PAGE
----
Our single most cherished natural resource is also the most threatened. Neighborhood trees continue to be abused, neglected and killed at an alarming rate. Today a tree's chance of survival is slim at best. Trees that would live for up to 70 years in the forest survive an average of only 7 years in our neighborhoods. Pollution, road salt, chemicals, dogs, residents, utility companies and lack of proper maintenance, is dooming our street trees at an alarming rate. Unless an aggressive plan is forthcoming the mass destruction will continue until a healthy residential tree will be a rarity.
If this wasn't bad enough... enter the Asian long-horned beetle. A bug so destructive to trees, especially maples, that thousands of street trees have already been destroyed nationwide by the ferocious bug. And the threat in New York City is even greater since 500,000 trees that line our streets are maples, more than one-third of the city's tree population.
Although posing no threat to humans, the 2 inch beetle means almost certain death to trees. Once their larvae is deposited underneath the bark they deny a tree essential nutrients and the tree starves to death. The adult beetle flies from tree to tree infecting each one as they go along. The only way to stop them is to get rid of the infected tree.
In 1996 the beetle claimed 2,400 trees in Brooklyn and Amityville alone.
The beetle may be the most recent enemy of the street tree but their number one tormenter has two legs and has invented hundreds of ways to destroy or mangle these wonders of nature. Man carves them up when they get too close to utility wires, our dogs defecate on them and we use them to post signs for our garage sales. When we get tired of them we kill them by peeling their bark away (see photo left).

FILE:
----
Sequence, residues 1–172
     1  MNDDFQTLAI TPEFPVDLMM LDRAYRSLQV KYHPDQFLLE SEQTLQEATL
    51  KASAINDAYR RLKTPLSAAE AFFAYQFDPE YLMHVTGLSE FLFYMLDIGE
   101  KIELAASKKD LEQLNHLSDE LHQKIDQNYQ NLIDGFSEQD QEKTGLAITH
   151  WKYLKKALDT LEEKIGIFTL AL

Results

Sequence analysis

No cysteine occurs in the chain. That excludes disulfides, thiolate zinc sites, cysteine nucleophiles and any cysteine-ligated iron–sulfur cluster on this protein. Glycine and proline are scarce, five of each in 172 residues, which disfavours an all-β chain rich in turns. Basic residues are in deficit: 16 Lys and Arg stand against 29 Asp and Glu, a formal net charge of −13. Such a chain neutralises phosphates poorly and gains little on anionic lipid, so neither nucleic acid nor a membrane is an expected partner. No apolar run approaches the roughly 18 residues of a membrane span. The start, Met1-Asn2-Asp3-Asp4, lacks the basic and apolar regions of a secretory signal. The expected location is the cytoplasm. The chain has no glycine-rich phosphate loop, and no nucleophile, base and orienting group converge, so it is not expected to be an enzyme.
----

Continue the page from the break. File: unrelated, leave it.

Storms have also taken its toll on our tree population. Recently one nor'easter destroyed 4,000 New York City trees in two days. And who could forget 15 years ago when one nasty storm wiped out 20% of Middle Village's mature tree population.
Street trees are pruned an average of once in 30 years. The ideal pruning cycle is every five years.
Most recently the Juniper Park Civic Association and Councilman Tom Ognibene have received several complaints from residents when a tree pruning company awarded a contract by the Parks Department came through our neighborhood and aggressively pruned every tree in sight. A spokesperson told an aide to Councilman Ognibene that they were over pruning because it wouldn't be done again for quite some time. The result is that many trees have been disfigured and may go into shock.
Please report tree abuse to NYC Parks, Forestry Division (718 699-0873. Their hours are 7am to 3:30pm Monday thru Friday. After hours call 800 201-Park. You can also call 911 in an emergency. Please notify Juniper Park Civic (651-5865).